Now is the part of the story where you stand up and clap your hands and say loudly, you go girl!
She won her lawsuit and he was convicted, the cell door slammed in his face and his name was added to the list of sex offenders that should be a great deal longer than it probably is. Maria won the lawsuit, but she won something else, she kept her soul. I worked with her on speaking out for other victims and proudly stood by her when she spoke at support groups.
She did not wear the crest of a victim but the coat of a survivor and empowered other victims in the process.
She rose in the ranks of that inside sales call center purgatory and eventually, became a manager herself. The last time we spoke, she told me of the many successes she’d had and that her greatest love was raising her two girls with a loving husband. She did find out, years later, what we had done when her then manager, and now friend, told her over a second bottle of wine and why we did it. Honestly, there is a part of me that is glad that I was not there for that conversation but, quite frankly, a larger part of me wishes I could have given her that hug in the first place knowing how unprofessional it may have been and how more than likely, it would have been for my wellbeing and not hers.
Writing this has been exhausting journey in my understanding of how we, as a society, treat each other in this aquarium of humanity. However, it is a story I felt I needed to share, as I have been holding this inside me for way too long. Maria’s story needed to be told and we need to learn from it. At the end of the day, we are recruiting people, who have stories and struggles, that we need to take that in to consideration.
God, I need a drink, a rainbow, and a hug. #truestory
- #Life – The Job Fair: A Simple Gesture - April 6, 2016
- A Simple Question: A Complicated Answer – The Interview - March 10, 2016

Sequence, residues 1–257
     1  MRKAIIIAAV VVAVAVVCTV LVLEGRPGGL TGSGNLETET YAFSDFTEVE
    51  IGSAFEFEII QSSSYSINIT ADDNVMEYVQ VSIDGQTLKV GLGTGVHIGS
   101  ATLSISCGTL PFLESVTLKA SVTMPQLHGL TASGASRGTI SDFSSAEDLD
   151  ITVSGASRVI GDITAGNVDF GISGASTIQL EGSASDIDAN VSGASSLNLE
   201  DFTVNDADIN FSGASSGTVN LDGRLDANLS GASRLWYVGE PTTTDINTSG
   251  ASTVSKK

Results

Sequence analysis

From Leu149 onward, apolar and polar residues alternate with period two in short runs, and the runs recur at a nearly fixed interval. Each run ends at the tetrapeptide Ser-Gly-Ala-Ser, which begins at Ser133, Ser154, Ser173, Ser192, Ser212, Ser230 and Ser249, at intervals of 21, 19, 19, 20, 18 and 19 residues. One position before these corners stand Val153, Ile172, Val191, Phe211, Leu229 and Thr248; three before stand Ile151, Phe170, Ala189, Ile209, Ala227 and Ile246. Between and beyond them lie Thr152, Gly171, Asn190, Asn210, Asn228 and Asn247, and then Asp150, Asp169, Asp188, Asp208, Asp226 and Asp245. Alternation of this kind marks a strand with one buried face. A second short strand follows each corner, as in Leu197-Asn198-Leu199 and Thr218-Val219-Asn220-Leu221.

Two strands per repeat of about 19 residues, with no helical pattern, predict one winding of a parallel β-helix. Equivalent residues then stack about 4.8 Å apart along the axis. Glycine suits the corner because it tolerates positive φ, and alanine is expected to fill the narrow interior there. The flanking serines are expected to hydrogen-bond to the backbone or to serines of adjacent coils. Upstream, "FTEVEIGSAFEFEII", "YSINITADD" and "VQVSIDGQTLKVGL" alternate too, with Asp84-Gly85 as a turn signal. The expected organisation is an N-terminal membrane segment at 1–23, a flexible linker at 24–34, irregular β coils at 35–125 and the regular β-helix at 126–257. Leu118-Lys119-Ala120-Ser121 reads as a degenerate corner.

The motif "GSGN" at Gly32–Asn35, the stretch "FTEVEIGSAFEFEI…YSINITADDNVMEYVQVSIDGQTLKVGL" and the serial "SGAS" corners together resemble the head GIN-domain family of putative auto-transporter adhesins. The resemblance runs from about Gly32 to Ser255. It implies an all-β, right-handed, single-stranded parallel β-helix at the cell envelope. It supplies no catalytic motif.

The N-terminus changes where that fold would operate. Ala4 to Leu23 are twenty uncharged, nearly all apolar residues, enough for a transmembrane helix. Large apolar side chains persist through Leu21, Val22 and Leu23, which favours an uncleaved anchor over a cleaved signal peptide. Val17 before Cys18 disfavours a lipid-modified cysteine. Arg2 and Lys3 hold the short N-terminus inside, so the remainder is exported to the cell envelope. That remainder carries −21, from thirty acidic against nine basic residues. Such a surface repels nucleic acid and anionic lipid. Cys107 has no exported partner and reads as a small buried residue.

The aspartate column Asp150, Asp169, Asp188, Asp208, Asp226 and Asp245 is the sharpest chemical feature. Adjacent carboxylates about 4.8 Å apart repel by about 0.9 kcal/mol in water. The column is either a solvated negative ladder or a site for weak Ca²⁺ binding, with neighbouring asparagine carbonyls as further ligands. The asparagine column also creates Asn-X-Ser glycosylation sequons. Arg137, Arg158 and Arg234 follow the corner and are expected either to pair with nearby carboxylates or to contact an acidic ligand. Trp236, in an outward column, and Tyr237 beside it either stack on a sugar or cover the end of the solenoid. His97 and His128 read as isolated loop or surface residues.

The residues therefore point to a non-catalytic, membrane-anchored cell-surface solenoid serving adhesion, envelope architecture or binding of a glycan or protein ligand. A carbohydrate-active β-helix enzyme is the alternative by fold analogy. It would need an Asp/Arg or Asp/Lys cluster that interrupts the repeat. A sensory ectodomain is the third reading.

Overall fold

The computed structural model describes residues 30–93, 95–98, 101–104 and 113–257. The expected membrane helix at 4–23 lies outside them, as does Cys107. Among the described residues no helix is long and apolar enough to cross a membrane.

Thanks for sharing Derek. Our commodity, people, have brains and emotions, and this is sometimes overlooked when we get wrapped up in our “day to day” activities. This is a real insight into a time that probably shaped your continued evolution as a talent pro.
Very moving and nicely written Derek. Thank you for sharing. This is impactful.
I couldn’t help but think of Joe Friday’s opening line for Dragnet, “The story you are about to hear is true. The names have been changed to protect the innocent.”
I suspect we’ve all had encounters as meaningful in our professional lives, if not as dramatic as yours, that provided a life time of lessons. Some, like yours, were well handled even if you weren’t sure at the time and, others I’m sure were lessons on what not to do that fed fantasies for redemption. I know I’ve had both. Great story though and it provoked several similar memories.
Importantly, your story supports the value of your professional consistency and discipline you displayed in how you conducted interviews…something I’m not sure is done as well these days. In hindsight I doubt you would have changed the questions. It was the answer where you were agile enough to diverge and elevate the protocol to connect with your boss. Smart. Very smart.
You also remind us that when dealing with potentially emotionally charged responses to what is one of life’s biggest stresses- interviewing to get a job, it pays to be prepared with either extensive experience or advanced training because the skills to manage these times are not trivial. Thanks for sharing.
What a great and moving story Derek! Thank you for sharing! We have TQM’d, Six Sigma’d and Lean’d the humanity out of Corporate America. Bravo to you for “fudging” Maria’s process for the better of her, you and that insurance company that does not provide lower prices on car insurance.
While living this story changed your life, reading it has most certainly changed mine. It is so important to remember we are human, I could help but imagine if Marie has been own daughter or sister. I am astounded how easily some business professionals are able to squash emotion or life and not let it “get in the way” – I LOVE when it gets in the way, because it proves our agility and our ability to think outside of ourselves – something very foreign in our selfie-driven world. Thank you, again.
This was one of the toughest things I have ever written and let out of my psyche. It was difficult to share, as this was deeply personal and although I share so much, there are times in my life I want to forget know they are moments that shaped me and if I can share to enrich others, so be it. Thank you all.